Wood look vinyl plank flooring is becoming one of the most popular floor coverings used today. With the growing choices in quality and price you should not have a problem finding a luxury vinyl plank that fits your style and price range. There are a couple of choices when it comes to installation and the style of vinyl wood plank you choose, such as
- Self adhesive vinyl plank flooring
- Glue down vinyl plank flooring
- Floating vinyl plank flooring or glue-less vinyl plank flooring
How To Install Vinyl Plank Flooring
In this DIY I will cover the most popular type of installation, the glue down of a luxury vinyl plank flooring. For the most part the same steps can be followed with a self adhesive vinyl plank floor just leave out the glue. A couple days before you begin its alway important to have your vinyl plank flooring in the room so it can acclimate to the temperature.
- First like with most any flooring projects you want to start with a clean structurally sound floor. If your going over a concrete floor be sure to remove any old paint or Sheetrock dust that is commonly found under carpet. If your going over plywood floors you want to check for any soft spots or peeling of the plywood layers. I always recommend if possible to cover existing plywood floors with a 1/4 inch plywood underlayment. This will give you a nice new smooth finish keeping your vinyl flooring looking good for years to come.
- Now that you have your floor nice and clean or your underlayment down you will want to use a good feather finish product and fill any holes, low spots or imperfections in floor. I also like to skim coat the hole floor using a 16 inch trowel, this helps fill any low spots in the floor you may not be able to see and gives a nice clean surface for the glue to stick too.
- Once your floor patch or feather finish has dried its time to find your starting point. First thing you need to decide is on the direction you want the wood look vinyl planks to run. There are a couple of ways to do this and you cant really go wrong whatever way you decide, but I normally will run the planks vertical with the length of the room or with the entry point or natural light source such as a window or door. I like to take some planks out of the box and lay them out in the room to help you decide. Once you decide take a measurement of some planks mark this measurement of the wall, its always good to make sure you will not end up with a small cuts on the other walls if possible. If your starting in a small space such as a hallway I like to center the walkway giving you equal cuts on both sides. Now using a chalk line you want to chalk a line on the floor that will be able to reach once the glue is down.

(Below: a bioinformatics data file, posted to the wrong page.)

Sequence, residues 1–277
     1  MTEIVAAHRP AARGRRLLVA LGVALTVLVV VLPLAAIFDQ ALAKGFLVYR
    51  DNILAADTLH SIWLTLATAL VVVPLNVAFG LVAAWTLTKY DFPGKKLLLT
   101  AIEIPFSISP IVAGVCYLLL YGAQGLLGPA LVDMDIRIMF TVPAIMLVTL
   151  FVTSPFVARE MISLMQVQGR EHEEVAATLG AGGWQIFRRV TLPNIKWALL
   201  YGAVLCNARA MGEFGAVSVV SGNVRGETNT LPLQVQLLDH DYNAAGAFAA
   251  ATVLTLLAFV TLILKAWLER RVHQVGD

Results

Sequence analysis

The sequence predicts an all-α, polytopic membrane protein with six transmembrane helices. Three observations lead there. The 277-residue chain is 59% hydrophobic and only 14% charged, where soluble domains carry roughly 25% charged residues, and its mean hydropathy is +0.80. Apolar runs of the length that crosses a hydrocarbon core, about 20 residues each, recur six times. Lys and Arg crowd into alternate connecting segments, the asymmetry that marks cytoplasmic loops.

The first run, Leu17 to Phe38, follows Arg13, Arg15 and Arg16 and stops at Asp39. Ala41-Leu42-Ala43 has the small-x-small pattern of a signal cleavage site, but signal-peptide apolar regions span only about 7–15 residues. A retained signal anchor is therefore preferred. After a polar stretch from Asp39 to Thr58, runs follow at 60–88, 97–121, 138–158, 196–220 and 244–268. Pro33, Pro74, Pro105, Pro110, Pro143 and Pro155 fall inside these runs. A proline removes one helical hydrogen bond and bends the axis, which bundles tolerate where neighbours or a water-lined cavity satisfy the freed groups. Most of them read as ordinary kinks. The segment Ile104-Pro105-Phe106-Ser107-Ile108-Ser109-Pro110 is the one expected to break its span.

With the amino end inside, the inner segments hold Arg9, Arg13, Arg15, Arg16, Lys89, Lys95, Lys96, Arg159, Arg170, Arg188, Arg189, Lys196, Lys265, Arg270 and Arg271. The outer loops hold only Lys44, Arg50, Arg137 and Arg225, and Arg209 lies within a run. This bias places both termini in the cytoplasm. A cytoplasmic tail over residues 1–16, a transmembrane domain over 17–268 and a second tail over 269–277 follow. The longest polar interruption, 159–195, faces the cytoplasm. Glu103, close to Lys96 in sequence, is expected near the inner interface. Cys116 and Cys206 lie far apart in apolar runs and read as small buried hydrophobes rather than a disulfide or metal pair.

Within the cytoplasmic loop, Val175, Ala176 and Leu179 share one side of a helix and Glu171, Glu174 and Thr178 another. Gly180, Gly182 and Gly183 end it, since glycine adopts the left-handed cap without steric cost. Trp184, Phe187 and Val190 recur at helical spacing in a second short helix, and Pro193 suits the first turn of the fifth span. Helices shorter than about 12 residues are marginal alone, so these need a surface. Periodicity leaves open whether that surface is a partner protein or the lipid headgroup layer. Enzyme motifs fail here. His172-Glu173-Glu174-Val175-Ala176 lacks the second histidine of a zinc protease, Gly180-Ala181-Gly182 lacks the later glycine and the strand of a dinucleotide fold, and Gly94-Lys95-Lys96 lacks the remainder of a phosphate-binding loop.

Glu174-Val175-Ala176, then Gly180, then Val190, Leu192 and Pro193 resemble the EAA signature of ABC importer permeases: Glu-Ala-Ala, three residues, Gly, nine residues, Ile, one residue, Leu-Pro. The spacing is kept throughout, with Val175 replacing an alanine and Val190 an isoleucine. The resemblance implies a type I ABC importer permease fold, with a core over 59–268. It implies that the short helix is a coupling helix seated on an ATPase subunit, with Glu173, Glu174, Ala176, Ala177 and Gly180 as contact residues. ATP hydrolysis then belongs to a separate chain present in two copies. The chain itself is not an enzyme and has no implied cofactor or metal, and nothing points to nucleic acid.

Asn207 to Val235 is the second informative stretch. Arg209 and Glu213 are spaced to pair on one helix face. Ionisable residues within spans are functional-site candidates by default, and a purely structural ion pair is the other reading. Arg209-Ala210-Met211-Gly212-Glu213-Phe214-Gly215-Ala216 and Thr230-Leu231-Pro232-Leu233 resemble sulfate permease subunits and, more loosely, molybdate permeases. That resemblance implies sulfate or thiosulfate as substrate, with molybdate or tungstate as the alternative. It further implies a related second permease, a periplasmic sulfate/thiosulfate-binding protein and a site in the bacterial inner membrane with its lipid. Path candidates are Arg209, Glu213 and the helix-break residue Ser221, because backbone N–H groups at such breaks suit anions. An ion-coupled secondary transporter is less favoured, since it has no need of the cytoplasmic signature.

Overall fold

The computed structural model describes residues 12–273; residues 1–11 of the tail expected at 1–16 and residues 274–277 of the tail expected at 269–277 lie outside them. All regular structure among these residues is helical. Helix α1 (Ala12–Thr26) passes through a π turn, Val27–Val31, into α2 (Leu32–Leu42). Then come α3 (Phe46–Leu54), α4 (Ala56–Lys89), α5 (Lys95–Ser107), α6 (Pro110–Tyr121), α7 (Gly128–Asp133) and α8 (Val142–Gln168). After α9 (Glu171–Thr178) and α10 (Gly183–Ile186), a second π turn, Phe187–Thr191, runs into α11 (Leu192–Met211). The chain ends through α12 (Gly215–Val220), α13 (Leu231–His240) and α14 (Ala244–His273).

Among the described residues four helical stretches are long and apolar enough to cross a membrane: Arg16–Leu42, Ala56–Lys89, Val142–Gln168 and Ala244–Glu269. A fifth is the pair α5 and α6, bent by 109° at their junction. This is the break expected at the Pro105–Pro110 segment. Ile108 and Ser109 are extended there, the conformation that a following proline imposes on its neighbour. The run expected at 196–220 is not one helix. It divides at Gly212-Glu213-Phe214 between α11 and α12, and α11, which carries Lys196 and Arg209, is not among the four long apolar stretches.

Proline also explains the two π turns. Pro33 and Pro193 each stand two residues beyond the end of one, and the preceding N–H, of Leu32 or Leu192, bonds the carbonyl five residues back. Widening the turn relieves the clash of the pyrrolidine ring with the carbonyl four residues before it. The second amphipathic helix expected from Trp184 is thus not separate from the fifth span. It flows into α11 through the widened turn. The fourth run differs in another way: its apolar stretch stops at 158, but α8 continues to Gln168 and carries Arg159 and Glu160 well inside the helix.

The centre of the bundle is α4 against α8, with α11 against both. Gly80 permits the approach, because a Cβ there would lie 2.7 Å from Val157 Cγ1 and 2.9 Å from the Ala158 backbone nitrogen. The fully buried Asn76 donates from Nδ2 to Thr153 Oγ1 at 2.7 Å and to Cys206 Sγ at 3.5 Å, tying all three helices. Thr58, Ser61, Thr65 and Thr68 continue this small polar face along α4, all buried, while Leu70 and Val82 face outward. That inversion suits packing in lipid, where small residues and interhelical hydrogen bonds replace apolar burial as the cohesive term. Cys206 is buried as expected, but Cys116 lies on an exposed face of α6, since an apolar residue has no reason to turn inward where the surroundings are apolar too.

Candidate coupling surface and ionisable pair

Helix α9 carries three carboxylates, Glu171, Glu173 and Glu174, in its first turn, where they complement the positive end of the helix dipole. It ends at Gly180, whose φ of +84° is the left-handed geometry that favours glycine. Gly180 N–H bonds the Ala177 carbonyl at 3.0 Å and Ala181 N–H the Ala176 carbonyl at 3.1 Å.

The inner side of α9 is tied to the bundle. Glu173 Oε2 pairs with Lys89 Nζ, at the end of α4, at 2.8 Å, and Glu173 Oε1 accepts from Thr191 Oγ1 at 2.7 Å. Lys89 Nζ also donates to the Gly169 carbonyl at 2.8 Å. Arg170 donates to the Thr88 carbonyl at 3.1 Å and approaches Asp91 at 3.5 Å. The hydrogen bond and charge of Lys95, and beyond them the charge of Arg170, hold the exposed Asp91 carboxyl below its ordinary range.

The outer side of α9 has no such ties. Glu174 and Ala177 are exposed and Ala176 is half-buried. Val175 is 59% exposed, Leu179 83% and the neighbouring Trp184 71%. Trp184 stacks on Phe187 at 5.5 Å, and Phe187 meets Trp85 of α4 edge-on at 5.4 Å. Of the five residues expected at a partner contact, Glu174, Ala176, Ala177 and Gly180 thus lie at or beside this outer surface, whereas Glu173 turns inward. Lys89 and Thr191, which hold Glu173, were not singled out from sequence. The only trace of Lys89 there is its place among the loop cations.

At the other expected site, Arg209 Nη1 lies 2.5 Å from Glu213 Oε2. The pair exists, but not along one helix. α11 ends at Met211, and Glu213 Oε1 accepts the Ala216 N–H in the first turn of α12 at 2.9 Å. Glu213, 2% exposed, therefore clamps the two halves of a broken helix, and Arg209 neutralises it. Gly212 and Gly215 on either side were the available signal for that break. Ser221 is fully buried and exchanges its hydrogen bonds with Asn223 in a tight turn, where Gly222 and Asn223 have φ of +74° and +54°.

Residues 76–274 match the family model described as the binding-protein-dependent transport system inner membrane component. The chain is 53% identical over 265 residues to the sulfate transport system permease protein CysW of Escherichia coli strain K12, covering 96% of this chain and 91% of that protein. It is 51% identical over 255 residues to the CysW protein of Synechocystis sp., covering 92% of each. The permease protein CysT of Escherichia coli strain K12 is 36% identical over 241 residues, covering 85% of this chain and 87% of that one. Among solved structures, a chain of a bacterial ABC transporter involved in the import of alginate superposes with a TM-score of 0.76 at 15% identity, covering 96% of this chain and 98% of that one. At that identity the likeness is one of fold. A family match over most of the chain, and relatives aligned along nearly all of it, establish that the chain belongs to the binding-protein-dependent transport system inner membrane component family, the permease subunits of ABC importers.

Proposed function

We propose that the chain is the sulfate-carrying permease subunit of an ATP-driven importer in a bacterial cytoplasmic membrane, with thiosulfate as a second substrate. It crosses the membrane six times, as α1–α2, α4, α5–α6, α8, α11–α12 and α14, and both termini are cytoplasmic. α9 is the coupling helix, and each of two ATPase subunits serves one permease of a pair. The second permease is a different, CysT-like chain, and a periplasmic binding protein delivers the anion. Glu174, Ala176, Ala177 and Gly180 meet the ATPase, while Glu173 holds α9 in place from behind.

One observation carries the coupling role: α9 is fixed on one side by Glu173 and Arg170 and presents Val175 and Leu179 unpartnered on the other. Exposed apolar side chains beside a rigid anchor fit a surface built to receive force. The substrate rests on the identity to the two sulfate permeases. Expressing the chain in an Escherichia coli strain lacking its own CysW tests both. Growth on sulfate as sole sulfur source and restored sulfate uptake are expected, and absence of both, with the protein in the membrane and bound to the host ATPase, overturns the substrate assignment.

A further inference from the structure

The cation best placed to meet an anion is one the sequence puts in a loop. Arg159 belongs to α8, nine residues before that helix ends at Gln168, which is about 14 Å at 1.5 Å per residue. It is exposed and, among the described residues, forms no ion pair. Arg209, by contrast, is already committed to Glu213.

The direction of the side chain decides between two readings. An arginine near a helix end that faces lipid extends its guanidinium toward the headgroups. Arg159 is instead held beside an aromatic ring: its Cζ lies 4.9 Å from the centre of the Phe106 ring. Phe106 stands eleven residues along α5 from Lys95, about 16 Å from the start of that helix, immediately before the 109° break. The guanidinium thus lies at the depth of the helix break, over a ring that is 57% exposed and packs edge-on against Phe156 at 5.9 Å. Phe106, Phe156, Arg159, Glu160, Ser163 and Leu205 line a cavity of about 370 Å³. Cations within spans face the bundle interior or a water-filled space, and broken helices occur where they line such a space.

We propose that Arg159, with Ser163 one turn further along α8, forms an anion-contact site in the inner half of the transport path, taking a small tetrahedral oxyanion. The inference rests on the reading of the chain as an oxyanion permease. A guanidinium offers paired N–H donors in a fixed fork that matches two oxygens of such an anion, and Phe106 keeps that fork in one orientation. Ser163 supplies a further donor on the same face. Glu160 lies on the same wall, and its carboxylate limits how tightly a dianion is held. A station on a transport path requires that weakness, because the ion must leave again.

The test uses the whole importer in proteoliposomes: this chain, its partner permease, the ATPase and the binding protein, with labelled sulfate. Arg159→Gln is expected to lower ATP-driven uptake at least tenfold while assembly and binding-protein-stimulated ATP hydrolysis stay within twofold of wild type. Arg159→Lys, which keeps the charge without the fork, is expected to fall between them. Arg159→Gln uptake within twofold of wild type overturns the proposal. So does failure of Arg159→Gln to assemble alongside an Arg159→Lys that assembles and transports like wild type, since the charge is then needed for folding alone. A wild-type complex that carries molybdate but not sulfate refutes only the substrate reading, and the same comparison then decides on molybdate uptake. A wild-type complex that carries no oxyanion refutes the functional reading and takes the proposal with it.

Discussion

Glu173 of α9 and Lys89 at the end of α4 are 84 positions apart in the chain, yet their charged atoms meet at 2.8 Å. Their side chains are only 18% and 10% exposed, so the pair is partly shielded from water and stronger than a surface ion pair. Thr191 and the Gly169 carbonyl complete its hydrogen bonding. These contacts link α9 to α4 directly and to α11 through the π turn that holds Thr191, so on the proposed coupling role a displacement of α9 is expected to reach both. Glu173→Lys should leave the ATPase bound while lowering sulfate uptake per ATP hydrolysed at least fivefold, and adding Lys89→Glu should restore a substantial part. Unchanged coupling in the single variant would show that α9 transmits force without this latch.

- In this glue down vinyl plank installation I will be using a spray glue called spray-lock 6500 but all the same steps can be followed with a trowel on glue. Its important with any glue down installation to have a very clean floor especially with a spray glue. You will want to vacuum the floor using a shop vac and follow that with a damp mop. If your using a spread on glue you can get away with only vacuuming but its never a bad idea to mop.
- Time to apply the glue you will want to start in the back of the room and work your way toward the door. With the spray-lock spray glue I use a piece of cardboard as a shield to protect the walls and baseboards from over spray, its also helpful to mask of corners and other hard to shield areas with paper. Spray using a back and forth motion making sure to get good coverage without overdoing it. With both types of glues you will need to let them tack up this can take 10-45 min depending on the temperature and humidity, this is one advantage the spray-lock has on other glues, it has a very quick tack time. The glue will begin to turn clear as it dries, you can check it by touching it and see if you get any transfer on your fingers. Once there is little to no transfer you are ready to begin installing your wood grain vinyl flooring.
- With the glue dry and clear you should now be able to see your chalkline. Start by laying your first plank making sure it is on your chalkline, you should be able to pullup and adjust the plank if needed but this glue can be sticky so try to get it right the first time. Follow with a cut piece next to it to offset the planks, I do not like any patterns so I will use random sizes. The general rule of thumb is to never have a seem closer than the width of a plank, so if your using 4 inch wide planks your end seems should never be closer than 4 inch’s.
- Once you get to a wall its time to make cuts, most vinyl planks or pvc plank flooring can be cut with a simple razor blade knife. This can be done by lining up a plank on top of the plank next to the wall take another plank and push it up against the wall and trace cut the underneath plank. If your having problems making good cuts its never a bad idea to remove the base first or install a shoe mold when your done.
- Last thing you will need to do is roll your flooring with a hundred pound roller, I know most Diy folks are not going to have one of these but if possible you may want to look into renting one or at least using a small handheld roller as you go.
Time To Clean Up
I normally will keep a wet rag with me as I am installing the flooring to keep the clean up to a minimum at the end. Depending on the glue you are using if its water based or solvent based you will want to check that out before hand. The spay-lock glue I am using is water based so clean up is done using a wet rag. If your using a solvent based glue you may need to use a little mineral spirits or goo gone. Again keeping the work place clean as you go makes clean up in the end much easier.
I hope you enjoyed this write up if you have any question post them up and ill try to get to them as soon as possible.